Royal Marshall, part of Neal Boortz radio team has passed, he dies at 43. Remembering Royal Marshall we'll look back on biography and his life's journey. Marshall, 43, worked as Boortz's engineer for his local and later nationally syndicated radio shows for more than 15 years. He also hosted an evening talk show, "The Royal Treatment" on WSB for several years.
Royal Marshall Biography
Royal was born in Oklahoma, the elder brother of trumpeter Ernie Royal, and learned to play violin, guitar, as well as clarinet and sax while still a child. He first performed in public at the age of thirteen, starting his professional career with an eight-year stint with Les Hite's band (1931–1939), during which time he also recorded with Art Tatum. He spent 1940 to 1942 with Lionel Hampton, until the war interrupted his career. After his military service (during which he played in a Navy band), Royal played with Eddie Heywood, then went on to work in studios in Los Angeles, California.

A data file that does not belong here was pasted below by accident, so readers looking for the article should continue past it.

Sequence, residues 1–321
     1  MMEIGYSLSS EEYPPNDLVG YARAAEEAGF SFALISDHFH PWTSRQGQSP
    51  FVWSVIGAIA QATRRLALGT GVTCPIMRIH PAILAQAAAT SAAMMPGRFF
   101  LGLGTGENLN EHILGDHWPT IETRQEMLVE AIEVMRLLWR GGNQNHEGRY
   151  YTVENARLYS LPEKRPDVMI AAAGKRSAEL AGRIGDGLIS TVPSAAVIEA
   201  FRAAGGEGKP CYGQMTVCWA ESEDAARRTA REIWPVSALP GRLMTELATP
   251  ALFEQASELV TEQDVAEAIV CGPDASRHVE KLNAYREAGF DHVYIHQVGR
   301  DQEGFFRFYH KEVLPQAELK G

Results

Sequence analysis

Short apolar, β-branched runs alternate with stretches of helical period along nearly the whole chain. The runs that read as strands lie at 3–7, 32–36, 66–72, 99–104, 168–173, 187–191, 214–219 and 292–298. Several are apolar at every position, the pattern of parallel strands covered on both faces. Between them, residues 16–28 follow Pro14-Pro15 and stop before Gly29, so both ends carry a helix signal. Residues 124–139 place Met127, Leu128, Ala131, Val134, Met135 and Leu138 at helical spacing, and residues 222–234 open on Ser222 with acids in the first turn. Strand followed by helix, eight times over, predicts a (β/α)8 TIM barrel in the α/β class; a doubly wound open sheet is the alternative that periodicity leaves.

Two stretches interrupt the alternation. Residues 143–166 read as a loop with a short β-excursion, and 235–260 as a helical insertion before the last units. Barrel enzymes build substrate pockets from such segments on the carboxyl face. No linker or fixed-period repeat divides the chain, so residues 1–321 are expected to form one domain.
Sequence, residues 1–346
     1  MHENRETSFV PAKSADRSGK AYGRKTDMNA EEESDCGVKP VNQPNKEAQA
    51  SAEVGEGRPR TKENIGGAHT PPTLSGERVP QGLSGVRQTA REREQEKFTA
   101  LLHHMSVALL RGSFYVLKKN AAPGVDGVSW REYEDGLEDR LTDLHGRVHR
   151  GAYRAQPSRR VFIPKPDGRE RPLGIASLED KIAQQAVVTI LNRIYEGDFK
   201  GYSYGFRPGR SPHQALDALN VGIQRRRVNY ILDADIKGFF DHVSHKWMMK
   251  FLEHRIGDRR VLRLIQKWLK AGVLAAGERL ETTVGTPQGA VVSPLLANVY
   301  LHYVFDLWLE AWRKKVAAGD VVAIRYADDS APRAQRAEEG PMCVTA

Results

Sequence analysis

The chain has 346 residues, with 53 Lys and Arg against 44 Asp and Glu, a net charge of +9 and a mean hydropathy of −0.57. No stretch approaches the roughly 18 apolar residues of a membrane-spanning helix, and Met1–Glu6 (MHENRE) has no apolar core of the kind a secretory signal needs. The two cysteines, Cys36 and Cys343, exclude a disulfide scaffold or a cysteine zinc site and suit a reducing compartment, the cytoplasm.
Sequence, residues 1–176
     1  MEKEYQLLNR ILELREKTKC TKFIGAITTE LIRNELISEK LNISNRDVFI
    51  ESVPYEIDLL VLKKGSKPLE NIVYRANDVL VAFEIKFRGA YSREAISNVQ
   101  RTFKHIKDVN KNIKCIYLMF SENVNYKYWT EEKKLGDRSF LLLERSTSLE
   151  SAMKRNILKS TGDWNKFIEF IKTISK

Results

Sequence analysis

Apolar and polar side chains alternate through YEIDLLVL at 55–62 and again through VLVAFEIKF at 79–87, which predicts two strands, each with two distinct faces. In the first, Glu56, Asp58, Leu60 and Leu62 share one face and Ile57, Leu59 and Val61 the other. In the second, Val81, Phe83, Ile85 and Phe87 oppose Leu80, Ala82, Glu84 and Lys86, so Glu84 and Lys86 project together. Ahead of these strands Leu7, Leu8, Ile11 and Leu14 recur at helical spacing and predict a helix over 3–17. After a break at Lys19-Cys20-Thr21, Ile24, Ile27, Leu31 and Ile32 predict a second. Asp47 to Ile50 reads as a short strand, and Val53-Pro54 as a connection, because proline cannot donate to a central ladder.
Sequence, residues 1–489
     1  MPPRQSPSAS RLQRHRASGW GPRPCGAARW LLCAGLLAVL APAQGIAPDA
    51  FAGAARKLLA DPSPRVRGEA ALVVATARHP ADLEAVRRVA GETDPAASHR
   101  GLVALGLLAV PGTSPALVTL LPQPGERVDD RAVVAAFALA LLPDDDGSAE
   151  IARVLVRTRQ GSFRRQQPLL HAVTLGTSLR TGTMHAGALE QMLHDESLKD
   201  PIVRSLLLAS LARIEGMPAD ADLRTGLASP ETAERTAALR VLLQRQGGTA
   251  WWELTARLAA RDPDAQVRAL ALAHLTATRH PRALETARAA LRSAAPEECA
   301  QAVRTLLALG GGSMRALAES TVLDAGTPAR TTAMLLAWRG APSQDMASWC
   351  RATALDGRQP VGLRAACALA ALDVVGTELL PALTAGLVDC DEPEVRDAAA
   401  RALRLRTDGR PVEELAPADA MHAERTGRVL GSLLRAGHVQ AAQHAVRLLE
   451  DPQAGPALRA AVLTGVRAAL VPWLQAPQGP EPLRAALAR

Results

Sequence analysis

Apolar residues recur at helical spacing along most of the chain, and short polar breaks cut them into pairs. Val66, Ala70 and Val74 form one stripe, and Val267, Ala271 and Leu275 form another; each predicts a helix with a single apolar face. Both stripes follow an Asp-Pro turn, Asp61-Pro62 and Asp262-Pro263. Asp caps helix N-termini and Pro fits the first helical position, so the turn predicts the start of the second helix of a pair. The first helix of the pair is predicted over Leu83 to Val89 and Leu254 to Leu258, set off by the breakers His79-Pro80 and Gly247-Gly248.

In 1951 Royal replaced Buddy DeFranco as clarinettist with Count Basie's septet, which Basie had formed after circumstances forced him to dissolve his big band. When the Basie band was reformed the following year, Royal stayed on as lead alto saxophonist and as music director — not to leave until 1970. Though he was admired as an occasional soloist, his main rôle was as an important part of the reeds section, and as a leader who helped to give Basie's sound its distinctively precise yet swinging character.
When he left Basie in 1970, Royal settled permanently in Los Angeles, continuing to play and record, working with Bill Berry's big band, Frank Capp and Nat Pierce, Earl Hines, and Duke Ellington.
Royal recorded as a soloist with Dave Frishberg in 1977, and with Warren Vache in 1978. He co-led a band with Snooky Young in the 1970s and 1980s, recording with it in 1978, and with Ella Fitzgerald and Gene Harris, among others. In 1989 he took the lead alto chair with Frank Wess's big band.